Automation’s big threat

Automation’s big threat
Citibank has suggested that in the span of next five years, it will be letting go of nearly half of its technology and operations staff. This is largely because automation is taking..

Citibank has suggested that in the span of next five years, it will be letting go of nearly half of its technology and operations staff. This is largely because automation is taking over traditional jobs in these sectors.

Background

Automation and better technology have been labelled as the main culprits for future unemployment. This is because robots and automation will be able to do the jobs that were previously held by human beings.

In 2017, research firm PwC conducted a study that revealed that countries across the world will begin losing jobs to automation. The study noted that in the next 15 years, 40 percent of jobs in the U.S. may be vulnerable to automation and robots. In the same time frame, 35% of jobs in Germany could be replaced by automation and 30% of jobs in UK will become vulnerable. In Japan, 21% of jobs will become vulnerable to robots and automation.

Developing nations like India with a growing labor force will also face a massive challenge in the years ahead. According to research by human resources (HR) solutions firm PeopleStrong, by 2021 nearly a quarter of people in India will be losing their jobs to automation. “These job cuts due to automation will not happen immediately, but the impact will become prominent by 2020. The change has started, with companies introducing bots for customer service, managing warehouses, etc.,” said Pankaj Bansal, co-founder and chief executive officer of PeopleStrong.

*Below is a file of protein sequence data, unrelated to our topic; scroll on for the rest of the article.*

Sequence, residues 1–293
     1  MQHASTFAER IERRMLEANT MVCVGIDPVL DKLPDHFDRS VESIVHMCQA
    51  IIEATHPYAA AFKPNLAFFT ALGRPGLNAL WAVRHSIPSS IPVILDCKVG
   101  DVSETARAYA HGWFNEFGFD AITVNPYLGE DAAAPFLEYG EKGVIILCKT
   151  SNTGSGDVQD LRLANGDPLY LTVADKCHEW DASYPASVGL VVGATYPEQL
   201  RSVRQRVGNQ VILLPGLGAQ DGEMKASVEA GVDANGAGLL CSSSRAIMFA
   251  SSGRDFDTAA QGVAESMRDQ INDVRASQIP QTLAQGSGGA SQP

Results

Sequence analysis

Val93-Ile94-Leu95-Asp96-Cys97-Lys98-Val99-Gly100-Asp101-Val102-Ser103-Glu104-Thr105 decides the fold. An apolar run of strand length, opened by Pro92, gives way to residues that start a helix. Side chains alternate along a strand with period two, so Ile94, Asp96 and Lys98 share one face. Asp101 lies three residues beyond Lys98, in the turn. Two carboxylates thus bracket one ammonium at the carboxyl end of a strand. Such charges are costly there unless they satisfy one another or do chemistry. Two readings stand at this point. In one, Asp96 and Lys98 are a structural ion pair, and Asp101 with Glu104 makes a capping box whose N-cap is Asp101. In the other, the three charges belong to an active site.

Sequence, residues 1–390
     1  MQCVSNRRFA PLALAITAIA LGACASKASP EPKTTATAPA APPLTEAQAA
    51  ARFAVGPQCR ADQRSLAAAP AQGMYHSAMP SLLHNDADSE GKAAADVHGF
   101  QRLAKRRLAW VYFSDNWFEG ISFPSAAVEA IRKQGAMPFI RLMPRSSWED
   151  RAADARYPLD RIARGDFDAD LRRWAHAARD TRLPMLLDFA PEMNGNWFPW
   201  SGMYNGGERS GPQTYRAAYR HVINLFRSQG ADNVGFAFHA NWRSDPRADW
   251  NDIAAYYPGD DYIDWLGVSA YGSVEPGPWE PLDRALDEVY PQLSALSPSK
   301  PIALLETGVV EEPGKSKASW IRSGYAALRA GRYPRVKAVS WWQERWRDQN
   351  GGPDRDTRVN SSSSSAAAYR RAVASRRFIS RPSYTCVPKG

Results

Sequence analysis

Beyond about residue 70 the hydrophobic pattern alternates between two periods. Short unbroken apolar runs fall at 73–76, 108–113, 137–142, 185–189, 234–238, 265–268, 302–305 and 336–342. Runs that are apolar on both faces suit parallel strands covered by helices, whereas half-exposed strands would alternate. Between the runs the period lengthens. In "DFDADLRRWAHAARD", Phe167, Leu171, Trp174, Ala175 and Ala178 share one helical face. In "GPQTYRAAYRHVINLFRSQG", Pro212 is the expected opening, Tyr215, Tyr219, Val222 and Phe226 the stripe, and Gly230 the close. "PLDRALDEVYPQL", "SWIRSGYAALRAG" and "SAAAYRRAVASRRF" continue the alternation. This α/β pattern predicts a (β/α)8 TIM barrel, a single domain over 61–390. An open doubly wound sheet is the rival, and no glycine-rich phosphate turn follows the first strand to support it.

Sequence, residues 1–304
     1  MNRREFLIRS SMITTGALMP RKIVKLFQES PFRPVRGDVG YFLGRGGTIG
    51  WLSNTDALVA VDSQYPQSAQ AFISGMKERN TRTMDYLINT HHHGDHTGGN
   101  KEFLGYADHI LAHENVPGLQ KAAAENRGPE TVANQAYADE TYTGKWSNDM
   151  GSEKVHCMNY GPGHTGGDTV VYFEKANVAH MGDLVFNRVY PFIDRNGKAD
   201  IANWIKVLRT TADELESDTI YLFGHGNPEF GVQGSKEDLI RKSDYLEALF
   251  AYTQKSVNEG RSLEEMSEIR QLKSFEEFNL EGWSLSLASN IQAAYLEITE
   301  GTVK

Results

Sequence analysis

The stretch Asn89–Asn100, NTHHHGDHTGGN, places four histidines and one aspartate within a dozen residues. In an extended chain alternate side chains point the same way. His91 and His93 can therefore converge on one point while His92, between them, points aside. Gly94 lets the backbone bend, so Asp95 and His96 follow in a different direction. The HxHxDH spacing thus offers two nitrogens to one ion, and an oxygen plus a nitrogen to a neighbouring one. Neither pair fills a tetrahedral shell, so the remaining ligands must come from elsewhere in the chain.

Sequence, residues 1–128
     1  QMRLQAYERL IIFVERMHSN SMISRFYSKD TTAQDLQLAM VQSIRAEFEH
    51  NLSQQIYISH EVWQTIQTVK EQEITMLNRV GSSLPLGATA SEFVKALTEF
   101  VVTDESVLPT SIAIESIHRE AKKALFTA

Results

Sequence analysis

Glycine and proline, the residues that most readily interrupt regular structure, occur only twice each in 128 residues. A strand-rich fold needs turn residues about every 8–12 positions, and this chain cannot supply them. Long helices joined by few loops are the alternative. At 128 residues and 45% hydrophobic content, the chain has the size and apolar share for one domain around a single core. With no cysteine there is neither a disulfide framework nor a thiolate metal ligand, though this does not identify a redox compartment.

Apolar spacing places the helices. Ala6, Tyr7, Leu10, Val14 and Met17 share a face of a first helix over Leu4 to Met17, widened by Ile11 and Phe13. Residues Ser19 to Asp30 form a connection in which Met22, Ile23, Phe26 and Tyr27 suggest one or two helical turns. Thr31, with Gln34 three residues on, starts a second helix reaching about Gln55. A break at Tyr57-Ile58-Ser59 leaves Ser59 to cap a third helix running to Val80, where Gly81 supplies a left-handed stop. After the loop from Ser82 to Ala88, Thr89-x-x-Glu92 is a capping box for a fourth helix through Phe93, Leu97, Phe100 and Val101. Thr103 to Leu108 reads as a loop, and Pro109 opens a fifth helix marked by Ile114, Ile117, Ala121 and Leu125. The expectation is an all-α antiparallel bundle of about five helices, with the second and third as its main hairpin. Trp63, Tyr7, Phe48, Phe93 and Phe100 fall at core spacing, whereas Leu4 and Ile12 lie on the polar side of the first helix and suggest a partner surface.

Citibank

Citibank is the consumer division of financial services multinational Citigroup. Citibank was founded in 1812 as the City Bank of New York, and later became First National City Bank of New York. Citibank provides credit cards, mortgages, personal loans, commercial loans, and lines of credit.

Analysis

In the past, multiple large organizations have signalled their intent to streamline their workforce in favour of automation. One of the biggest proponents of this is Deutsche Bank. The bank has incurred criticism for the five-year plan it announced a few years ago. As part of this restructuring plan, it had announced that it would be cutting 9,000 of its 100,000 direct employees. In addition, 6,000 of its 30,000 indirectly employed contractors would also be let go.

John Cryan, former CEO of Deutsche Bank, said, “In our banks we have people behaving like robots doing mechanical things, tomorrow we're going to have robots behaving like people.

Now, Citibank has issued a similar warning that it will be letting go of a substantial number of its employees. In June 2018, it suggested that it will shed up to half of its 20,000 technology and operations staff in the next five years. Technology and operations account for 40% of the total headcount of Citibank’s staff. The organization has cited automation as the primary reason for this decision.

Barclays investment bank boss Tim Throsby said that the future would see a smaller number of employees making more money, while machines took over “lower-value tasks”. “If your job involves a lot of keyboard hitting then you’re less likely to have a happy future,” he added.  Richard Gnodde, head of Goldman Sachs International, said: “There are so many functions today that technology has already replaced and I don’t see why that journey should end any time soon.”

Assessment

Our assessment is that automation will continue to result in job loss not only in banking but other sectors as well. We believe that the advances in banking mean that a large number of straightforward jobs such as data entry will soon be replaced by automation. We also believe that with the rise of robo-advisors, customers could soon be given financial assistance by robots instead of an actual person. In order to ensure unemployment rates do not rise, governments should begin investing in skill development.

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